“Do what you say you’re going to do. Agree to an idea, contribute to it and follow through.” – Irene Marquette

“I can’t separate the two anymore from each other. Just laugh more. As comedians, we’re so eager to make other people laugh, but that’s often the hardest thing for ourselves once we do this work for a while. Sometimes it’s easy to forget what brought you to this in the first place, which was laughter. So just laugh more. Laugh even when you want to criticize and laugh even when you want to worry. Try to witness life a little bit more instead of trying to fix everything and realize that life’s funny.” – Jet Eveleth

“I think that most things that are supposed to be funny on purpose aren’t funny at all. 90% of the things that are accidentally sad are kind of funny. Maybe that.” – TJ Jagodowski

“If you’re not listening, you’re going to miss the joke. There’s so many ways to not listen. When you’re not listening, you’re not in the moment, on and off stage. You’re missing so many opportunities when you’re not listening or when you’re only listening to one part of whatever. If you’re only listening for certain things, those are the only things you’re going to hear.” – Tim Baltz

“I’ve always been a bit of a planner. I like to look forward to things and I’ve always been somewhat organized with that kind of stuff. So I think I’ve learned, with improv, to kind of let go and go with the flow and know that things will still turn out ok. So, let go and don’t take life so seriously. You should always be able to laugh about everything eventually. Don’t be so serious.” – Casey Whitaker

“Just be a good person. Listen to people and be genuinely interested in them and what they have to say.” – Damian Jason White

“The greatest insight I’ve discovered is that this life in comedy is a constant balance between always being humbled and trying to show that you have a reason to be under the lights. You’re always in a state of learning something or showing something. At least that’s true for me, I’m always bouncing between those two things.” – Greg Hess

“Comedy brings laughter and laughter enlightens life. It’s like a circle of laughter and life. I kind of feel that without joy there is no point in life, so there you go.” – Carisa Barreca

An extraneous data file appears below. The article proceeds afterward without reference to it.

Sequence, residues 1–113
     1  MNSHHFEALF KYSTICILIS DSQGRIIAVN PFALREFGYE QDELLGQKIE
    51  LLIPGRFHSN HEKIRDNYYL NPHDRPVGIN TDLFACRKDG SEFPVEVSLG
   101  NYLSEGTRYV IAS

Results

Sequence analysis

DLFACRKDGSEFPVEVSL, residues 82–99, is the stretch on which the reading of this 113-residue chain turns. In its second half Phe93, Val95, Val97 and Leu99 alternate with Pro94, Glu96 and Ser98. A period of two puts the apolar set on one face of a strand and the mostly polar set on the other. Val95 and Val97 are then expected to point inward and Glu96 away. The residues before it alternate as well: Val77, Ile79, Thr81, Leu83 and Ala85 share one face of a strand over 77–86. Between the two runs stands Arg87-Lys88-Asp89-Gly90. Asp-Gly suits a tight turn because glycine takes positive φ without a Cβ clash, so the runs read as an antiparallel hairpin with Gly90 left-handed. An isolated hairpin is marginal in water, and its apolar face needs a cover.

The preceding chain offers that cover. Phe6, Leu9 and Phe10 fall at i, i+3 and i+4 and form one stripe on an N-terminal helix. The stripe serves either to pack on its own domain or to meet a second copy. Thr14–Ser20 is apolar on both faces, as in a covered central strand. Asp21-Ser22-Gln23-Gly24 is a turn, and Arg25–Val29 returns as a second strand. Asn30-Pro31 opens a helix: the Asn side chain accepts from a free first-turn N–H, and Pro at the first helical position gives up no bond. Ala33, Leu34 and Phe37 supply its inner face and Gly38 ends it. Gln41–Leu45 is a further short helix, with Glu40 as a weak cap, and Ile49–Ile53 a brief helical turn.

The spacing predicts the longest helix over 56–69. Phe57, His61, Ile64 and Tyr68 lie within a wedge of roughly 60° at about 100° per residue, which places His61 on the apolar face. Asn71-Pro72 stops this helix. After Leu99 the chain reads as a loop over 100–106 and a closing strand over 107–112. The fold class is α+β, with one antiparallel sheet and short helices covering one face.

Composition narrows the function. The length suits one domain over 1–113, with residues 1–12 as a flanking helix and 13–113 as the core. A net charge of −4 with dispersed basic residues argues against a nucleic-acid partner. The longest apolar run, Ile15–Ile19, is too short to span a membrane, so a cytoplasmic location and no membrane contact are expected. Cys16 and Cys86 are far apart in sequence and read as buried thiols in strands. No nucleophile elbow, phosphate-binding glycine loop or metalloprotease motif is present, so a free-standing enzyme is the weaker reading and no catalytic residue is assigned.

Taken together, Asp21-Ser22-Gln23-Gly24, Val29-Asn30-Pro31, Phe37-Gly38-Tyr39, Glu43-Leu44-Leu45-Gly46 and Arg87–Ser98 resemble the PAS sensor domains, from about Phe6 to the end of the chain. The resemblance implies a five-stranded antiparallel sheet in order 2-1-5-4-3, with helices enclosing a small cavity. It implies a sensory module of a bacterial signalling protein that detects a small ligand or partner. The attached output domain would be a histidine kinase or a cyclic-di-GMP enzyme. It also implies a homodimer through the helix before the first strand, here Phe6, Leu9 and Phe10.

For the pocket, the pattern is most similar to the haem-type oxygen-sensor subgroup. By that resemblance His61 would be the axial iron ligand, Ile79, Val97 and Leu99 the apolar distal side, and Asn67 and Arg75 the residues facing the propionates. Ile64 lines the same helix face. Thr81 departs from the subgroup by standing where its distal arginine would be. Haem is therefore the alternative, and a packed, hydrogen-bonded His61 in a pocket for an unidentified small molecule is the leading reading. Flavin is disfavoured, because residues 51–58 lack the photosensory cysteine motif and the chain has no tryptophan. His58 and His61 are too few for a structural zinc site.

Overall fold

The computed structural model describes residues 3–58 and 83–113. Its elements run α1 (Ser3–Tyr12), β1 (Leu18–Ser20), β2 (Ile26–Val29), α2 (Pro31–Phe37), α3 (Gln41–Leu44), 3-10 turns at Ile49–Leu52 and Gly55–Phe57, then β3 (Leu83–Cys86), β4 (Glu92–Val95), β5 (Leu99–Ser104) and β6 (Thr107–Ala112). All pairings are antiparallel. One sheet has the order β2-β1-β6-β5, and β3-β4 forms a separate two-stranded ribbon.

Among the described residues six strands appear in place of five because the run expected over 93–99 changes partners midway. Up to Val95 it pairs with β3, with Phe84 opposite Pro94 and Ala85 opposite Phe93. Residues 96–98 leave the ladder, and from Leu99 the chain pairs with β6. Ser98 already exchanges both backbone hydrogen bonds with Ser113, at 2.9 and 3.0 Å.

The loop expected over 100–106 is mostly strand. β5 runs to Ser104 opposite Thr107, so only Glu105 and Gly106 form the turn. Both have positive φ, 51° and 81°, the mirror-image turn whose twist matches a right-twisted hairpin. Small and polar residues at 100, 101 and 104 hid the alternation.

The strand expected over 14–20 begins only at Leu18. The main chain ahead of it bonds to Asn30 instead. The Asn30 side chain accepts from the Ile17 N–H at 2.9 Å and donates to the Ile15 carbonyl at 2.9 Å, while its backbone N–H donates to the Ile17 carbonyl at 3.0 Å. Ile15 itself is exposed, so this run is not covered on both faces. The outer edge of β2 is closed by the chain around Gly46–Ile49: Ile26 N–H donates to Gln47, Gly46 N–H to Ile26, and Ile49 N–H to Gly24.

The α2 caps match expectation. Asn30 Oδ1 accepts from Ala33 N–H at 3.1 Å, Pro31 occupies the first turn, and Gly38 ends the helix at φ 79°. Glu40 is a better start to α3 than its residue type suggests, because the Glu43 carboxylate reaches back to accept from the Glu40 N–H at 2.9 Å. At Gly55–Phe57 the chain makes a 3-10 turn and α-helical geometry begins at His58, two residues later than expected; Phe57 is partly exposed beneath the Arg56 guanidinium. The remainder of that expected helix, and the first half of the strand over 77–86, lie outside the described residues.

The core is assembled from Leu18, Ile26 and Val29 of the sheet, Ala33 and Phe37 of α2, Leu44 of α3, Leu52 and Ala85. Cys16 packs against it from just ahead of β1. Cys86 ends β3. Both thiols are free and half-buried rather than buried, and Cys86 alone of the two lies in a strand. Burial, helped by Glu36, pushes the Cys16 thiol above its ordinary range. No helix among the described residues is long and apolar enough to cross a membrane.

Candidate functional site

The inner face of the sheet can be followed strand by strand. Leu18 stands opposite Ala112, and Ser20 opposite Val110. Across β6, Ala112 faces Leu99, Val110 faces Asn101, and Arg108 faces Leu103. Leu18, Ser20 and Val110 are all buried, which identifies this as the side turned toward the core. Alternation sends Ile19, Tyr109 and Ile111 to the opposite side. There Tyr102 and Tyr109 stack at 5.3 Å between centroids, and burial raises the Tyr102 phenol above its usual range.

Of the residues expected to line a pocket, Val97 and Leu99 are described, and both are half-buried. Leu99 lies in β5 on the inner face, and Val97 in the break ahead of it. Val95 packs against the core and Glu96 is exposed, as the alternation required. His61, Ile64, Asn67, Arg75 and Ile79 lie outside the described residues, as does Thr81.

“Don’t judge. Learning not to judge. I feel like life gives us a lot of those moments to judge. I think we’re judged even if positive ways as well as negative ways. We’re judged in the sense that we want to do well, go to a good school and get a good job. Those pressures to succeed even outside of theatre and acting. To have that in both worlds, where you’re not judged and you’re encouraged to do what makes you happy, I think is a perfect little present in a box to sum up how we act in life.” – Timmy Mayse

“Get really in touch with what makes you laugh and the people that make you laugh and build a life where you spend absolutely every waking moment pursuing those ideas and spending time with those people. Find something you would want to do seven days or seven nights a week and do that. If you do what you love, you never have to work a day in your life. Sacrifice everything. That’s it.” – Ted Tremper

“For me personally, funny isn’t really the point. Taking care of your people and being open gets you so much farther. Not that you shouldn’t be funny too, but funny finds you when you’re those things. The best you can do is to be the best version of yourself you can be every time you come to play. That’s what’s served me the best.” – Eleanor Hollingsworth